Now to the one who works, his wages are not counted as a gift but as his due. And to the one who does not work but believes in him who justifies the ungodly, his faith is counted as righteousness, just as David also speaks of the blessing of the one to whom God counts righteousness apart from works: “Blessed are those whose lawless deeds are forgiven, and whose sins are covered; blessed is the man against whom the Lord will not count his sin.”
There is an easy urge to think more highly of ourselves than we should. We think we are a good person because we let that junky car into traffic. We care about issues on the news so we are on the right side of controversies. We stand up straight because we didn’t do such and such a sin…this week.
That sounds stupid, doesn’t it?
Just as stupid is carrying around a burden of not-good-enoughness. Try harder, work harder, strive harder are not part of the Gospel of Jesus Christ. Paul explains in Romans that there is a disconnect from our works and our righteousness. If you want to try to make your righteousness come from your works, you’ll either end up prideful, depressed, or delusional. You’re either good enough (no you aren’t) or not good enough (that part doesn’t matter) or your lying to yourself if you want to live the Christian life that way.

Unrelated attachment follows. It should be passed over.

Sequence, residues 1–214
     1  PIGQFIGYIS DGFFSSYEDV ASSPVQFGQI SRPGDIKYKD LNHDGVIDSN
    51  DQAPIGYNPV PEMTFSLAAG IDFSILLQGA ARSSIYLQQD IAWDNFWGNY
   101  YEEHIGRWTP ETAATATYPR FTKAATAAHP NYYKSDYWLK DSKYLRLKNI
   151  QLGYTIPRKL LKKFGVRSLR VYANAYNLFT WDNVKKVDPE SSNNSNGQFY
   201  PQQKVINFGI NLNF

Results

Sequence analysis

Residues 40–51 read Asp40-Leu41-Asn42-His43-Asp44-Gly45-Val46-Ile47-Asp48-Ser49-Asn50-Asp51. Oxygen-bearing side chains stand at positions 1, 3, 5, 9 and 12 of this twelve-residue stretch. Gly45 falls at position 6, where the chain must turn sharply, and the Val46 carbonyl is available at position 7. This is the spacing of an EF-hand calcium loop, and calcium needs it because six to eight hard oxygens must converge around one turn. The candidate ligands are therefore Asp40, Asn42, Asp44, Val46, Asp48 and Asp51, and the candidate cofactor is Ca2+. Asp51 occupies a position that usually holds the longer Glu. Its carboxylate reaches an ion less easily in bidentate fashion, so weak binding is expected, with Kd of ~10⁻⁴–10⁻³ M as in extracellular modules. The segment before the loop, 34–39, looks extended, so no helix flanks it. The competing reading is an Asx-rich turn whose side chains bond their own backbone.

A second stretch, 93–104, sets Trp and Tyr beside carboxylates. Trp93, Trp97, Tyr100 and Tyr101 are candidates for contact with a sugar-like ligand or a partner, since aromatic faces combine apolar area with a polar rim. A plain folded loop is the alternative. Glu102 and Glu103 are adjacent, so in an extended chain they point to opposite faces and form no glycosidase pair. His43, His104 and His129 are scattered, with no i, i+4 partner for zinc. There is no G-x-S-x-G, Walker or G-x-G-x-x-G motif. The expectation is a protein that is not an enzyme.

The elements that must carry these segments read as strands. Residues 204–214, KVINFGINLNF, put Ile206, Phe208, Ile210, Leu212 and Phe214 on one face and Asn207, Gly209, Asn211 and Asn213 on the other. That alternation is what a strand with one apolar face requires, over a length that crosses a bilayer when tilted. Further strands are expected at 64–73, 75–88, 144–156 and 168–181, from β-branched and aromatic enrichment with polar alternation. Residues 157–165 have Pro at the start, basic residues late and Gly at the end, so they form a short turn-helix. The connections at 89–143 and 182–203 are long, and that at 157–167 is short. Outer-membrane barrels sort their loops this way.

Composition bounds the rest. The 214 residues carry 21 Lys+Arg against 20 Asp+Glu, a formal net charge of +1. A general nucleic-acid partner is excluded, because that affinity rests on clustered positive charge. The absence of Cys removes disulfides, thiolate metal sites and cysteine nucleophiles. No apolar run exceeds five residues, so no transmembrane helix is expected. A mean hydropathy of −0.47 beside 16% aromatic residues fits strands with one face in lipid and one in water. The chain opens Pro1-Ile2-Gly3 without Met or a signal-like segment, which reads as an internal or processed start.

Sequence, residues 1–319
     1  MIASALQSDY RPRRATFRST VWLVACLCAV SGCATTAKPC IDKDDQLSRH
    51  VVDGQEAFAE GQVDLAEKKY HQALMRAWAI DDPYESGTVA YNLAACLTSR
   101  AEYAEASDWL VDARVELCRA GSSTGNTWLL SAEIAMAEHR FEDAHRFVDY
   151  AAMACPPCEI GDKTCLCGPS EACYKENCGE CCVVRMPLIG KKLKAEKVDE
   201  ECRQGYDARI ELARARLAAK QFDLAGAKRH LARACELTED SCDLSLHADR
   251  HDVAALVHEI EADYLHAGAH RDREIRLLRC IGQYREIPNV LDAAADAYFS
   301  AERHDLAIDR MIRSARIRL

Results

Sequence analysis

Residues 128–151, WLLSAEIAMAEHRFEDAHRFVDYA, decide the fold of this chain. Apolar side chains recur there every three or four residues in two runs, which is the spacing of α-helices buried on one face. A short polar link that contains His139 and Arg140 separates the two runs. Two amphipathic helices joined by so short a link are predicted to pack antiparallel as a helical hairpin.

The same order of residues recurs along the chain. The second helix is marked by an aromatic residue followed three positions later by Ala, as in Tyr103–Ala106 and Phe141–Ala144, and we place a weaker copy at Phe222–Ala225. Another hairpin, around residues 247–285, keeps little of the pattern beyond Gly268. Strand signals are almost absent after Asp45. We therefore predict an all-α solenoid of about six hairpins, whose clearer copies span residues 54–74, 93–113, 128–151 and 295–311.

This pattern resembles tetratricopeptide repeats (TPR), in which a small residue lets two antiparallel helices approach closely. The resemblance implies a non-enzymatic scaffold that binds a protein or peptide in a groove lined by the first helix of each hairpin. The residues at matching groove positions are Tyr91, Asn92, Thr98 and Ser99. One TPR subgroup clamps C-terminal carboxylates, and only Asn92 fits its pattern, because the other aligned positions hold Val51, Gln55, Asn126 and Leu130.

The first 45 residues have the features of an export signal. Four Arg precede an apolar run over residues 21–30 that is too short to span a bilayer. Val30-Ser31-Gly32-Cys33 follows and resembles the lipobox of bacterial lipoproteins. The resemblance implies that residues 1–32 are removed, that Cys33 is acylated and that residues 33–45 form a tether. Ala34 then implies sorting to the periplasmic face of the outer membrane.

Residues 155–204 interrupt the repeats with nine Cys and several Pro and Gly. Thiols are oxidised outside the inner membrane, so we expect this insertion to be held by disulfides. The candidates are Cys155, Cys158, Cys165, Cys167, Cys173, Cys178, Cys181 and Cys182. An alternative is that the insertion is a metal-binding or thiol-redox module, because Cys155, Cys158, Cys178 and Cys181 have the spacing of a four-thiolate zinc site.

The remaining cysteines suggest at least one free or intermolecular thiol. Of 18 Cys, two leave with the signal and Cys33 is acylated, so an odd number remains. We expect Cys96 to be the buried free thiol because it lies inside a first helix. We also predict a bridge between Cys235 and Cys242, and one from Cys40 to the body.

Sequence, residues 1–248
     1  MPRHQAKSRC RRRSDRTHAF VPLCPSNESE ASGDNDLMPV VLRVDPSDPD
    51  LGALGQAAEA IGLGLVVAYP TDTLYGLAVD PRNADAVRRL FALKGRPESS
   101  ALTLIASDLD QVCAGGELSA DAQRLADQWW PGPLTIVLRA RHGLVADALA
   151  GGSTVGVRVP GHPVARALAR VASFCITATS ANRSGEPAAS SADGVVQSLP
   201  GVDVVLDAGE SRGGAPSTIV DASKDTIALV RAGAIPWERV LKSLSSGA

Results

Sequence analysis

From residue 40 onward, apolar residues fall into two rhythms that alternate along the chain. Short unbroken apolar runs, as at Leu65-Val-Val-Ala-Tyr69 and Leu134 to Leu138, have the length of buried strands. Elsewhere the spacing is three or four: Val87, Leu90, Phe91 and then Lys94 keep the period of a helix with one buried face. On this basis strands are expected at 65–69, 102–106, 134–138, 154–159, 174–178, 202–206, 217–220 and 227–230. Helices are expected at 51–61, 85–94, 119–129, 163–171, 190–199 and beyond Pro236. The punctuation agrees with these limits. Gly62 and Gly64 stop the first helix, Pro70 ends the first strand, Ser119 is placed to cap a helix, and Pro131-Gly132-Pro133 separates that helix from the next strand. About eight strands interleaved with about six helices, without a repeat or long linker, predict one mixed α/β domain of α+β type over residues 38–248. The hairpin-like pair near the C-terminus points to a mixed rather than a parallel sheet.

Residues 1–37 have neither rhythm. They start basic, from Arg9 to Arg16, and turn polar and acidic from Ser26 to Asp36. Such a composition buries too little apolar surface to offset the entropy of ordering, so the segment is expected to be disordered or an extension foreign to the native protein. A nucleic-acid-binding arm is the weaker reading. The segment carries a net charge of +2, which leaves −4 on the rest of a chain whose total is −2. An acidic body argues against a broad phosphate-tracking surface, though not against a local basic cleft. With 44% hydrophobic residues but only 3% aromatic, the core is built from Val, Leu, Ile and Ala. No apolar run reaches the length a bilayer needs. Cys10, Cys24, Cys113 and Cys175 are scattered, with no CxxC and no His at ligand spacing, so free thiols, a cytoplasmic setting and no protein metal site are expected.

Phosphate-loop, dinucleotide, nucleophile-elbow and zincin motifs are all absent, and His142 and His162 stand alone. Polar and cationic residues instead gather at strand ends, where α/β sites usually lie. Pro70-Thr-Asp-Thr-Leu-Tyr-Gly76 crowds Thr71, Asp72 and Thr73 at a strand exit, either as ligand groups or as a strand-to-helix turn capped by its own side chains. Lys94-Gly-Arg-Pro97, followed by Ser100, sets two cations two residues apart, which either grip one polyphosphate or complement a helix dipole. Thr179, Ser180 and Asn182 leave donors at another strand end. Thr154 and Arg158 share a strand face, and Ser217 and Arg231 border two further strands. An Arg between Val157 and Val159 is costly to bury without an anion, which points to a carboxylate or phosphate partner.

Blessed is the man whose deeds are forgiven. That is the smile in our face at a baptism or while we sing a song of freedom and forgiveness. All of our sins that we’d ever commit are completely washed away by the death and resurrection of Jesus. Our sin doesn’t count once we are in Christ and it was God who put us in Christ by faith.
So we celebrate our freedom. We can have joy in a world of not-good-enoughness that we walk in righteousness. We can tell others the real Gospel. Not the bad news of “you’d better try harder” but the good news that Jesus’ life, death, and resurrection were successful in their mission to save you and to bring you into God’s family.
That’s why Easter is such a big deal. If it weren’t for Easter, our sins would weigh us down. If it weren’t for Easter, our not-good-enoughness would be an issue and matter.
But Habakkuk was right; the righteous will live by faith.
So, for the next several days, we’re going to celebrate our freedom by preparing for and celebrating Easter. The next week and a half the daily Bible reading will be about the last month of Jesus’ life from the Gospel of John. Join us and let’s celebrate that victory and the righteousness Jesus bought.